Why are the liberal arts called “liberal?” Why are they called “arts?” How did they originate to be come the core of any “liberal” education? In this course, master classical educator Andrew Kern (along with Christopher Perrin) presents an insightful survey of the seven liberal arts–explaining their origin, history and significance in the classical tradition of education. Both Andrew and Christopher also describe the way in which the liberal arts are the “liberating” arts that foster true human freedom and capacity that equip people for vocations of every kind. Teachers will also enjoy the discussions between Andrew and Christopher as they discuss the meaning and significance of the liberal arts.
- Lesson 1: Introduction to the Liberal Arts: Liberty and Justice for All (Christopher Perrin)
- Lesson 2: The Seven Liberal Arts as Liberating Arts (Christopher Perrin)
- Lesson 3: The Seven Liberating Arts (Andrew Kern)
- Lesson 4: The History of the Seven Liberal Arts (Andrew Kern)
- Lesson 5: The Trivium Arts (Andrew Kern)
- Lesson 6: The Quadrivium Arts (Andrew Kern)
- Lesson 7: Discussion of Harmony, Pedagogy and Assessment of the Arts (Andrew Kern and Christopher Perrin)
- Lesson 8: Discussion of the Arts as Liberating Arts (Andrew Kern and Christopher Perrin)
Dr. Christopher Perrin, MDiv, PhD, is an author, consultant, and speaker who specializes in classical education. He is committed to the renewal of the liberal arts tradition. He cofounded and serves full-time as the CEO/publisher at Classical Academic Press, a classical education curriculum, media, and consulting company. Christopher is also a consultant to charter, public, private, and Christian schools across the country. He is the director at the Alcuin Fellowship with the Institute for Classical Schools and the former board vice president of the Society for Classical Learning. He has published numerous articles and lectures that are widely used throughout the United States and the English-speaking world.
Christopher received his BA in history from the University of South Carolina and his MDiv and PhD in apologetics from Westminster Theological Seminary. He was also a special student in literature at St. John’s College in Annapolis, Maryland. He has taught at Messiah College and Chesapeake Theological Seminary, and served as the founding headmaster of a classical school in Harrisburg, Pennsylvania, for ten years. He is the author of The Greek Alphabet Code Cracker and Greek for Children and the coauthor of the Latin for Children series, all published by Classical Academic Press.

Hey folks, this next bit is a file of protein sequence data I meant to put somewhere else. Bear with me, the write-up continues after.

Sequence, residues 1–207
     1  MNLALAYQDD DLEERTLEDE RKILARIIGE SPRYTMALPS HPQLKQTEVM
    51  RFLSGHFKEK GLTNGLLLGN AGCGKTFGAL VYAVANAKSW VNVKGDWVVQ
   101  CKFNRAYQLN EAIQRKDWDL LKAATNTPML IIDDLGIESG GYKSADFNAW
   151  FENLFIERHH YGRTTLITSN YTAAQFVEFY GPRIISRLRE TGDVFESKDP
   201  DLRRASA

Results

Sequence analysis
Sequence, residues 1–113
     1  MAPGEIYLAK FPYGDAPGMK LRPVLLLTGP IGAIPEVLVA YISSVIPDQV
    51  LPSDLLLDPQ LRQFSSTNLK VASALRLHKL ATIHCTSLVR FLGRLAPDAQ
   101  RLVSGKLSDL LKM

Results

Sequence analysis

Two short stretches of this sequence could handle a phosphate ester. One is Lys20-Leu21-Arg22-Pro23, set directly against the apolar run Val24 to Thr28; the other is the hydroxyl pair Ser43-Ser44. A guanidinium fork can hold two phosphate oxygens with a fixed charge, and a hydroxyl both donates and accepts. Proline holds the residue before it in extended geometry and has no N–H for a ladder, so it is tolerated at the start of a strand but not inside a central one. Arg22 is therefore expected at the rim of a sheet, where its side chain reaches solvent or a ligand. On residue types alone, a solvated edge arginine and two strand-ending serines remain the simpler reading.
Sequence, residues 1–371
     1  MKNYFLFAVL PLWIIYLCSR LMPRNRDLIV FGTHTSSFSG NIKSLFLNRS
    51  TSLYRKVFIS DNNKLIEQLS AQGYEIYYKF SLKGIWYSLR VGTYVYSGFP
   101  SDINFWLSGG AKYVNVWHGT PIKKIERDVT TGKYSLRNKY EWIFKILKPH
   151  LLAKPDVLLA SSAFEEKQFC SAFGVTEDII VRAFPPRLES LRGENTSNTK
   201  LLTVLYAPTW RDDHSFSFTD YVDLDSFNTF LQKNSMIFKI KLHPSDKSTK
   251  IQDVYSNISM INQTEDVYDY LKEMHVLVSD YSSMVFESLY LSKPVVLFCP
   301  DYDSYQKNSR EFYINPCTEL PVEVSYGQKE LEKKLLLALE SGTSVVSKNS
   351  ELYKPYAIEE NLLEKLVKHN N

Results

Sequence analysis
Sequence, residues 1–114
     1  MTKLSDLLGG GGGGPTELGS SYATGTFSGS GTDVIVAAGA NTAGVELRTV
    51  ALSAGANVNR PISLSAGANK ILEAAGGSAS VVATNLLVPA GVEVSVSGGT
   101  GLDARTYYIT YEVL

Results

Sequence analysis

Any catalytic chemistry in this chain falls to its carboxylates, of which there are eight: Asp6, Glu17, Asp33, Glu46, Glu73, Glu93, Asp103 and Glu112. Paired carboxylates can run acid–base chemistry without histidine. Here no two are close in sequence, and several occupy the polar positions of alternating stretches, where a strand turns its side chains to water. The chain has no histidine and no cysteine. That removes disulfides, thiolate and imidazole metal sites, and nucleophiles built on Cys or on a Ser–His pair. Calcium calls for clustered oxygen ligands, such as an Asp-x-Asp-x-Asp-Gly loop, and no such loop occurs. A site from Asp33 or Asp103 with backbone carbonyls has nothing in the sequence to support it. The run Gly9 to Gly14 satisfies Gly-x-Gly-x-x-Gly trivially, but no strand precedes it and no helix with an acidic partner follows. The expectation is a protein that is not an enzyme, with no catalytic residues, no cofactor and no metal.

Please Note: ClassicalU is currently developing a certification to accompany our course offerings. The certification credit component of this course is still under development. We thank you for your patience as we build and polish this resource!
To obtain a certification credit for this course, simply complete the quiz that follows each presentation by Andrew Kern, and then also take the certification test at the end of the course. The quizzes are designed to ensure that you have understood the essential content of each presentation, and they can be taken more than once if necessary. The cumulative certification test at the end of the course is given as a pass/fail test and requires that you upload one or more essays demonstrating your understanding this course (with essays evaluated by word count only). When you have completed the course, a certificate that you can print or email will magically appear under the “My Courses” section of this website.
For this course the essay assignment is:
Describe how it is that the liberal arts can rightly be called the liberating arts.
Please allow approximately 2 weeks for essay submissions to be reviewed. By taking the course for certification credit, you also will be on your way to obtaining a Level 2 certification.
Lesson 2: Why the Seven Liberal Arts are “Liberating” Please sign up for the course before starting the lesson.
Lesson 4: The History of the Seven Liberal Arts Please sign up for the course before starting the lesson.
Lesson 5: The Trivium Arts Please sign up for the course before starting the lesson.
Lesson 6: The Quadrivium Arts Please sign up for the course before starting the lesson.
Lesson 7: Teaching the Quadrivium Like We Aren’t Materialists Please sign up for the course before starting the lesson.
Lesson 8: Discussion of Harmony, Pedagogy and Assessment of the Arts Please sign up for the course before starting the lesson.
Lesson 9: Discussion of the Arts as Liberating Arts Please sign up for the course before starting the lesson.
End of Course Test: Seven Liberal Arts Please sign up for the course before starting the lesson.